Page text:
(c. 1497-1578)
John Heywood was an epigrammatist, dramatist, poet, and writer of inter­ludes, music, and entertainments for the early Tudors. Nothing is known about Heywood s birth or parentage, but he was probably born in London around 1497. His appointments at court ranged from a singer to a "player of the virginals" to a life appointment as steward to the royal chamber. Part of Thomas More s* circle, Heywood married Eliza Rastell, More s niece. Heywood s Cath­olic sensibilities led him to participate in a plot to overthrow Archbishop Thomas Cranmer,* for which he was imprisoned in 1543. In 1544 Heywood recanted. Heywood was a favorite of Mary I*; however, with the accession of Elizabeth I, in 1558, he resigned his position as steward. By 1564 Heywood and his son Ellis, English Catholics, left England for France. Thomas Wilson visited Hey­wood in 1574 and brought forgiveness from Queen Elizabeth* and permission to return to England. Heywood never returned. By 1576 he was living in Ant­werp. More religious upheaval removed Heywood to Louvain, where he died sometime in 1578.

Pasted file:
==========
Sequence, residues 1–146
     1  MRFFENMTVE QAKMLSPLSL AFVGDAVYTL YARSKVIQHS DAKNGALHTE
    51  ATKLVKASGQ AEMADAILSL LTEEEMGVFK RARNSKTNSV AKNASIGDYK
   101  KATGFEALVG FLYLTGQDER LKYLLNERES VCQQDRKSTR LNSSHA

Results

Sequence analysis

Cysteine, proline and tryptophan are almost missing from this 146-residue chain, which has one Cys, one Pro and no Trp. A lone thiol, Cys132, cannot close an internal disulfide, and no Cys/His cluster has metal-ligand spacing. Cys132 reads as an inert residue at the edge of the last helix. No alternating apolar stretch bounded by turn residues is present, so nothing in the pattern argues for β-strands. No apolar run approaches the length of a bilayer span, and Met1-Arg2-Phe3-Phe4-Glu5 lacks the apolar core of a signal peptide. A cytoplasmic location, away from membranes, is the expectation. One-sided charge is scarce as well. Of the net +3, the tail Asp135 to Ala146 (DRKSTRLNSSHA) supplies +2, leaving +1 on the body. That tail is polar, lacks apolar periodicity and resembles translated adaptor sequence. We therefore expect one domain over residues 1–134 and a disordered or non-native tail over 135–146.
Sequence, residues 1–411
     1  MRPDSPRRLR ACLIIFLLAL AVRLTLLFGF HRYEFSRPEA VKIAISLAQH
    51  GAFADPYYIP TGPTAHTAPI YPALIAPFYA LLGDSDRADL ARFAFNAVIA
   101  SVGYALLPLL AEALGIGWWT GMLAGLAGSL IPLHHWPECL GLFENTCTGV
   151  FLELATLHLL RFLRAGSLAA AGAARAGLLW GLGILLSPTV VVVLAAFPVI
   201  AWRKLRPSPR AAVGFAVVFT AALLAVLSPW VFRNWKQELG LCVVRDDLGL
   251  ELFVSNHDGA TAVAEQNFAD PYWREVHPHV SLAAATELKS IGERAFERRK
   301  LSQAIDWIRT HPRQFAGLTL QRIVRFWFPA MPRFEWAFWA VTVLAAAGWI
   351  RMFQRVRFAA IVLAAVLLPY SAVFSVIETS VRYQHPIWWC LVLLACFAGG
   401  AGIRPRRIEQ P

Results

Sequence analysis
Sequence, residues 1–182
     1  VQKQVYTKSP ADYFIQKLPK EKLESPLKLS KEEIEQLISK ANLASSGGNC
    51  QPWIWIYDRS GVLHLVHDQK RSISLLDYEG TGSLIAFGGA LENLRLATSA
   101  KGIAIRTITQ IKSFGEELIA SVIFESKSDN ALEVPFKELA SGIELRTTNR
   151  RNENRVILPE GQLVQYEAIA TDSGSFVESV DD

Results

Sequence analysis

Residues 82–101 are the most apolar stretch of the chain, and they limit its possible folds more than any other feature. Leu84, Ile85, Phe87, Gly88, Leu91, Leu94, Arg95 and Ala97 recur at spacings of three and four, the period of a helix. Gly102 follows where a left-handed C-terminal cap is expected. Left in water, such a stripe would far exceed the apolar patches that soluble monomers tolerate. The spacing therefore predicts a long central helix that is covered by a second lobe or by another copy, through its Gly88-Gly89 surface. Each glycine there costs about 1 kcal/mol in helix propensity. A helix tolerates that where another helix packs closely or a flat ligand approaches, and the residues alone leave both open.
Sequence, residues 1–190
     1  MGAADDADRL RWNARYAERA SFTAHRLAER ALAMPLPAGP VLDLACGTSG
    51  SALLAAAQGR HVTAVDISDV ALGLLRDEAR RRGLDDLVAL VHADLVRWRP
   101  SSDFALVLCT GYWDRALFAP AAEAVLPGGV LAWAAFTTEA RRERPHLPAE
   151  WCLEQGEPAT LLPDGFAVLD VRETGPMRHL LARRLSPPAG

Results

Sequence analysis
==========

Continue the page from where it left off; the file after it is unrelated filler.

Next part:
Deemed a mad, merry wit, Heywood experimented with comic subplots and current events and ideas and reflected real people in his work. His interludes include The Four P's (c. 1545), a farce about a Palmer, Pardoner, and Pothecary, who ask a Pedler to judge which of them is most important, and The Play of the Weather (1533), which considers the problem of the ruler of state through the guise of Jupiter, who asks his subjects to petition him to establish a certain weather pattern. Other works include A Dialogue Conteinying the Nomber in Effect of All the Proverbes in the Englishe Tongue (1546) and a long allegorical poem, The Spider and the Flie, infused with mock-heroic wit, published in 1556 but begun twenty years earlier. Heywood himself identifies Queen Mary as the Maid in the poem who solves problems between the Protestant spiders and Catholic flies by squashing the spiders and removing their webs.
R. C. Johnson, John Heywood, 1970.
Megan S. Lloyd

Renaissance and Reformation 1500-1620: A Biographical Dictionary. . 2001.

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